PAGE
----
Differences Between Coding & Programming

by Anne Hirsh
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The U.S. Bureau of Labor Statistics recognizes no difference between the terms "programming" and "coding" for individuals who work in computer programming. The terms are often used interchangeably, but some people find one term or the other preferable, or use them to imply different parts of the process of creating computer software.

Computer Code Basics

Computer programmers must translate actions they want a computer to perform into terms a computer will understand. Computers use a language called machine code, which is a binary language. This means that every instruction the computer understands is made up of various combinations of the numerals "1" and "0." Computer programmers use a variety of intermediate languages, such as C, C#, C++, Java, Ruby and Python, to formulate common thoughts into a language known as "source code." They then run these languages through a program called a "Compiler" to translate the source code into machine code, or binary.

General Vs. Specific

The act of writing the source code is called coding. It can also be called programming because it is part of the computer programming procedure. However, the process for creating software is more than writing the code; it also includes running the compiler and fixing errors, a process known as "debugging." When used as specific terms rather than in a general sense, coding can refer to the specific process of typing in the code, while programming may refer to any stage in the process, including compiling and debugging.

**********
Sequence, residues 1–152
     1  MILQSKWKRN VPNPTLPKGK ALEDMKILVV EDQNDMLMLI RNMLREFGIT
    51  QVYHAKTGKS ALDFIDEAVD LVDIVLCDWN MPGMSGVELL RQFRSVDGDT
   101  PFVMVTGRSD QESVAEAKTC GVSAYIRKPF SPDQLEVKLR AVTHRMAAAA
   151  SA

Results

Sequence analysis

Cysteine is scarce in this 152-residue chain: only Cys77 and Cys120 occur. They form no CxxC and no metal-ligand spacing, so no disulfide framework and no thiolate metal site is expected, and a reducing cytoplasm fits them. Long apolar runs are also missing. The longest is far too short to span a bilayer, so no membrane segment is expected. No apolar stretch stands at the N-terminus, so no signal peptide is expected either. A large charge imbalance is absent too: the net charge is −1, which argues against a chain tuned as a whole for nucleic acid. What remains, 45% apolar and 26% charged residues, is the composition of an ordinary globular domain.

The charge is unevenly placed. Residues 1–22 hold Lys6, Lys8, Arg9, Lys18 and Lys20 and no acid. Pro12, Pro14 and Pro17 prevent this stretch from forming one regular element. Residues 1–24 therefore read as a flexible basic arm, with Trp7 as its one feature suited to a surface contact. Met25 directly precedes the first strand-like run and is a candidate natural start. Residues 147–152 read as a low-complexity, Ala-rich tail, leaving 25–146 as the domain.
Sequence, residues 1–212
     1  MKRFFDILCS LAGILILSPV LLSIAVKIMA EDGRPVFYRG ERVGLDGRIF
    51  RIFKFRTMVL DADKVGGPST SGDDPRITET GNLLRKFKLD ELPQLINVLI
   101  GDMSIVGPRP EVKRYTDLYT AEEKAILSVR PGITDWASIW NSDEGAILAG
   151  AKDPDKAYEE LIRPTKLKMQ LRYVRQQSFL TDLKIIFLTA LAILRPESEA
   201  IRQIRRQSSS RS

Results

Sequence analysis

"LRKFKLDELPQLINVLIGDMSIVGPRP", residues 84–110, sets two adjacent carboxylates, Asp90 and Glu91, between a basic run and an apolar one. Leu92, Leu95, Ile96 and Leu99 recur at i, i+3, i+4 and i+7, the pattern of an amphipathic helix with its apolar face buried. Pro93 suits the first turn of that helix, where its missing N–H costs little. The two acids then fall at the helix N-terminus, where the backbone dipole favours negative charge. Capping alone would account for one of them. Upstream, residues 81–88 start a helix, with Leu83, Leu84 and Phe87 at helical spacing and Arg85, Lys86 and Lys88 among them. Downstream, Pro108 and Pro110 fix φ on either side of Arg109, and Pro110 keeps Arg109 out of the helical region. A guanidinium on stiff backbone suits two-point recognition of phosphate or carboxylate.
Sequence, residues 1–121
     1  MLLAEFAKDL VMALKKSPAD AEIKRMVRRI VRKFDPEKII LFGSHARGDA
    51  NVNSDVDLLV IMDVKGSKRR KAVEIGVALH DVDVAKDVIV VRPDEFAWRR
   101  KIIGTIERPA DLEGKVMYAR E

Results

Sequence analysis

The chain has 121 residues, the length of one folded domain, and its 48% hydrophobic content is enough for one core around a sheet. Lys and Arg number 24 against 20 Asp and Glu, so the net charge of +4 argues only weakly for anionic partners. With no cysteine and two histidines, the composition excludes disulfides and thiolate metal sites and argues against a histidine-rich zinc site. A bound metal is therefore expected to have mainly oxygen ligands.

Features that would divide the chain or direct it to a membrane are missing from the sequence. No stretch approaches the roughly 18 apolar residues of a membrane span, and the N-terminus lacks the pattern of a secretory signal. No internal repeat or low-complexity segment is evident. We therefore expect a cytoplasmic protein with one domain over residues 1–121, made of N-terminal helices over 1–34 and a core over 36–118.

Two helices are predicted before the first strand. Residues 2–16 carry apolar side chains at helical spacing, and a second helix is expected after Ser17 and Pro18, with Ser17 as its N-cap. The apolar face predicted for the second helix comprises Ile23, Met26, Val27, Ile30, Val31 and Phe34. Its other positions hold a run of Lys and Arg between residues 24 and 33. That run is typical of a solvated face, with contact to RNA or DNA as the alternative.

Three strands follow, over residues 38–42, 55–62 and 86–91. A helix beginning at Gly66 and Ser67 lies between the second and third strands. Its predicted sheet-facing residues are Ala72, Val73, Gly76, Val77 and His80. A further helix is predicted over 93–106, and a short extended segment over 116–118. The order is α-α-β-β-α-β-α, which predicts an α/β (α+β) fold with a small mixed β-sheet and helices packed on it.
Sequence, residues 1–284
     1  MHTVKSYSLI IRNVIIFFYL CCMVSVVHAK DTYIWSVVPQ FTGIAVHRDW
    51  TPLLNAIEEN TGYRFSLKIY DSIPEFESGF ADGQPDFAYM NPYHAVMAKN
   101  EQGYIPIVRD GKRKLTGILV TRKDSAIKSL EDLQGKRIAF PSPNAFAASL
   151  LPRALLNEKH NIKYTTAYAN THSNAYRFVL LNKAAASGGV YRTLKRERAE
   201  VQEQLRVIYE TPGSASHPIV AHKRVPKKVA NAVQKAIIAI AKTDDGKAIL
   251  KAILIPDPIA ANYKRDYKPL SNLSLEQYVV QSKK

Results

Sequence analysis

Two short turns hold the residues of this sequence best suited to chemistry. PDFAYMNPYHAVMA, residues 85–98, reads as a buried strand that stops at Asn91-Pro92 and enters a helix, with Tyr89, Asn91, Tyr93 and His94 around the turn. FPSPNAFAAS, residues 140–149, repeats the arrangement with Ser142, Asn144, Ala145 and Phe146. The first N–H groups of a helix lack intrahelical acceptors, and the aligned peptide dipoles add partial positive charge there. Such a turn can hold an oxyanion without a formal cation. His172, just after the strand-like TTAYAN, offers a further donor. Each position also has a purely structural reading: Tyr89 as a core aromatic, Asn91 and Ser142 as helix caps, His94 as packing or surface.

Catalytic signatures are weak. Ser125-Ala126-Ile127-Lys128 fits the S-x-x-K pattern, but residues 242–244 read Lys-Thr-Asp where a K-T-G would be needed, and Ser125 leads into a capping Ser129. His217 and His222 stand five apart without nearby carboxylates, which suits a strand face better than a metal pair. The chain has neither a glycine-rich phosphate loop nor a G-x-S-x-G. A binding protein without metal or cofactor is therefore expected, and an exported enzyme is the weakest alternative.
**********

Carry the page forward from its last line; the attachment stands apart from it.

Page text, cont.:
Sometimes the terms coding or programming can be used as status symbols. For many years, only individuals with special training could write programs, so "programming" was an activity associated with status. As computer languages and automated software evolved and simplified, programming required less specialized training. Even inexperienced users can create simple programs with the right tools now. Because of this, "coding" gained the status that "programming" once had, due to the implication that programming may not take specialized skills, but coding requires specialized knowledge and training.


You may be able to tell from the context of a conversation whether someone is using "coding" in the specific or general sense, and whether or not it has a sense of status attached to it. If you cannot tell from the context in which you read or hear the word, don't hesitate to ask. The field of computer science is constantly evolving, and even common words take on new meanings as the industry progresses.


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About the Author

Anne Hirsh has been writing and editing for over 10 years. She has hands-on experience in cooking, visual arts and theater as well as writing experience covering wellness and animal-related topics. She also has extensive research experience in marketing, small business, Web development and SEO. Hirsh has a bachelor's degree in technical theater and English and post-baccalaureate training in writing and computer software.

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